Nearly 92,000 classified documents illustrating the realities of the war in Afghanistan over the last six years were published yesterday by The New York Times, Der Spiegel, and The Guardian, immediately drawing comparison to the Pentagon Papers, which changed the course of the Vietnam War when they ran on the frontpage of The New York Times in 1971. The Afghanistan war logs came to the American and European press through Julian Assange’s WikiLeaks, which embargoed the documents for over a month until July 25th. The news companies do not know the original source of the materials.
Soliders, mainly seargeants, in the field in Afghanistan generated the documents, which detail everything from previously unreported instances of civilian casualty to mishaps involving drone aircrafts. Reports of this nature exist for use by desk officers in the Pentagon and soldiers in the field when preparing briefings. The freshest document in the leak was generated in December 2009, before President Obama announced his new strategy in Afghanistan.
The three news organizations agreed to publish simultaneously on Sunday evening, independently preparing their own analyses and framing of the documents. The news companies also did their best to verify the authenticity of the documents.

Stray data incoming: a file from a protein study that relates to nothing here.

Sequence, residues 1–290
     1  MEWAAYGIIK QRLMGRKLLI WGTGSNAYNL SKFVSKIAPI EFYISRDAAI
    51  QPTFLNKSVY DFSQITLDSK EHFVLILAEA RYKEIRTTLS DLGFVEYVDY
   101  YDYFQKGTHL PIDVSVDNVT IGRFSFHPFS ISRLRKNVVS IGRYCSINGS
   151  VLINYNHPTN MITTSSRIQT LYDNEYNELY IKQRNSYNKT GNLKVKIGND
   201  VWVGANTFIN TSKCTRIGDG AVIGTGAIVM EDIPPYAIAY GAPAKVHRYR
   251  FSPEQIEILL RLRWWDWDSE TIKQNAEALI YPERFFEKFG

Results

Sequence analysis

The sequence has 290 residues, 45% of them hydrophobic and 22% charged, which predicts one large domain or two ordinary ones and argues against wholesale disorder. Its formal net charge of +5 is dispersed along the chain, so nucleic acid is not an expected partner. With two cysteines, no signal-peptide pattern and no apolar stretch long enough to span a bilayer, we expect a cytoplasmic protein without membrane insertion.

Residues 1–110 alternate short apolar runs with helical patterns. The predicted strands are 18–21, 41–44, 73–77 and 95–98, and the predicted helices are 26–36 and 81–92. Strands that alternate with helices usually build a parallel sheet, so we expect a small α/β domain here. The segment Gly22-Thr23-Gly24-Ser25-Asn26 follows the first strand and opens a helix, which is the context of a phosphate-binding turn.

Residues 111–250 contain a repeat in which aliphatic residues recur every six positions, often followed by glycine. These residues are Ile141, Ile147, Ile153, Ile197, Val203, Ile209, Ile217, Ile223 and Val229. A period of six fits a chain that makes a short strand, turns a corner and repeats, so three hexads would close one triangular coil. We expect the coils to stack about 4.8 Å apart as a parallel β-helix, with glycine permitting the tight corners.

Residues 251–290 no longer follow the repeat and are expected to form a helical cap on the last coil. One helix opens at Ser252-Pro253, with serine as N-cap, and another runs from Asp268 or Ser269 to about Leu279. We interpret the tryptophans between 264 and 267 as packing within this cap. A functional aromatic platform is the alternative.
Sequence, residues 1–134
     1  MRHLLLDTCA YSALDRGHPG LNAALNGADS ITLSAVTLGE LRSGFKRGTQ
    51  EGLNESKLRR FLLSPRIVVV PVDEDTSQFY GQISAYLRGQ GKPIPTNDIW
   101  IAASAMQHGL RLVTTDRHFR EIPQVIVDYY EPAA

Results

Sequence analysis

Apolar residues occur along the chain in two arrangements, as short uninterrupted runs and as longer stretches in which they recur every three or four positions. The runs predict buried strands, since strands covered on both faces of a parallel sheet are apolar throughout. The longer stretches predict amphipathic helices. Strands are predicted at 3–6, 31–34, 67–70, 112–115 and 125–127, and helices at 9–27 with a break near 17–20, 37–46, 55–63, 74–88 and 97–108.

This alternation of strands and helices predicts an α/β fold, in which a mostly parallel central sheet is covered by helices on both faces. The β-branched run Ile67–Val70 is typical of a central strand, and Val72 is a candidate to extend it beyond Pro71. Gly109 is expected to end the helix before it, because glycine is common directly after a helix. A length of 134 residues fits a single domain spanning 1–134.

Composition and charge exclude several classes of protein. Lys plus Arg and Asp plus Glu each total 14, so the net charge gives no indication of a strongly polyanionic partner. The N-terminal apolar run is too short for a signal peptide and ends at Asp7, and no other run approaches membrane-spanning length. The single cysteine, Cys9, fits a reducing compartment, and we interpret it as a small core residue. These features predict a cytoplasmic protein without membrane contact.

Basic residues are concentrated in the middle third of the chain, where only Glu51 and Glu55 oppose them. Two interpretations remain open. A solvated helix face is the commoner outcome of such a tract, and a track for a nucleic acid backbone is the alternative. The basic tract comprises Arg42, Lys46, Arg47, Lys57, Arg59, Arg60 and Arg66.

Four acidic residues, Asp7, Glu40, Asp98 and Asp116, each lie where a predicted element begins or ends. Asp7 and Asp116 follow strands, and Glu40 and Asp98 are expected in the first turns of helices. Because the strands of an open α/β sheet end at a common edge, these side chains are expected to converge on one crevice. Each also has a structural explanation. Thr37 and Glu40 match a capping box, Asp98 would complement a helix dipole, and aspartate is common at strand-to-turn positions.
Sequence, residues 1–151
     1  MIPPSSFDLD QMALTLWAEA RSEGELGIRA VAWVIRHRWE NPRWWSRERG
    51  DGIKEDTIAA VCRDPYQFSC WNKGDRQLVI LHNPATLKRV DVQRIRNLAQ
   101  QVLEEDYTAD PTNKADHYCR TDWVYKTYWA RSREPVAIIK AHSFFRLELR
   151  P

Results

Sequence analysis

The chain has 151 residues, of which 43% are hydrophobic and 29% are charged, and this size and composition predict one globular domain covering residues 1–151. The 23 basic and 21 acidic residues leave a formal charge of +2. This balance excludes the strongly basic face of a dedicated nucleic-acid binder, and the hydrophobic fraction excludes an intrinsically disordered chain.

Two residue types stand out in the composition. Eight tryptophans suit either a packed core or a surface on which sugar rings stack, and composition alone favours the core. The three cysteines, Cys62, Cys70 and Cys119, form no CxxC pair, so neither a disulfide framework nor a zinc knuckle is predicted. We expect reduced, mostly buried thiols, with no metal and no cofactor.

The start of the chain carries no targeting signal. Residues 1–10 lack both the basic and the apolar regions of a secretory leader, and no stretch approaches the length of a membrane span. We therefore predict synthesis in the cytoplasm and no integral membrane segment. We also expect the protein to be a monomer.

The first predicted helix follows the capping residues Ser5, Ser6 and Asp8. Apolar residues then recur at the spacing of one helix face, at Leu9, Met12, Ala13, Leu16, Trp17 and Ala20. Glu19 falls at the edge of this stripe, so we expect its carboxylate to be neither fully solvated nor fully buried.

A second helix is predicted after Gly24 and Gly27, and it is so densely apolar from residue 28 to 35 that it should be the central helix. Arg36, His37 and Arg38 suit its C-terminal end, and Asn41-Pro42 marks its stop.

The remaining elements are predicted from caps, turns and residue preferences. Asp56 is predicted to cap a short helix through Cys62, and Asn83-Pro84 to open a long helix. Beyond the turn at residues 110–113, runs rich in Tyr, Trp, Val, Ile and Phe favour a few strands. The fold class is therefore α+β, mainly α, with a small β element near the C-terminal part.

The New York Times coordinated with the White House around the publication of the docments. In an editor’s note, The Times wrote that it was working on behalf of the White House to make sure that WikiLeaks did not allow any potentially endangering information to be published in its archives online, and the paper’s website will not link to the complete archive of the documents posted by WikiLeaks.
While White House National Securty adviser James Jones released a statement Sunday night condemning the leak, Times Washington bureau chief Dean Baquet told Michael Calderone that the White House has been very pleased with the way the paper has handled the materials. “I did in fact go the White House and lay out for them what we had,” Mr. Baquet told Mr. Calderone. “We did it to give them the opportunity to comment and react. They did. They also praised us for the way we handled it, for giving them a chance to discuss it, and for handling the information with care. And for being responsible.”
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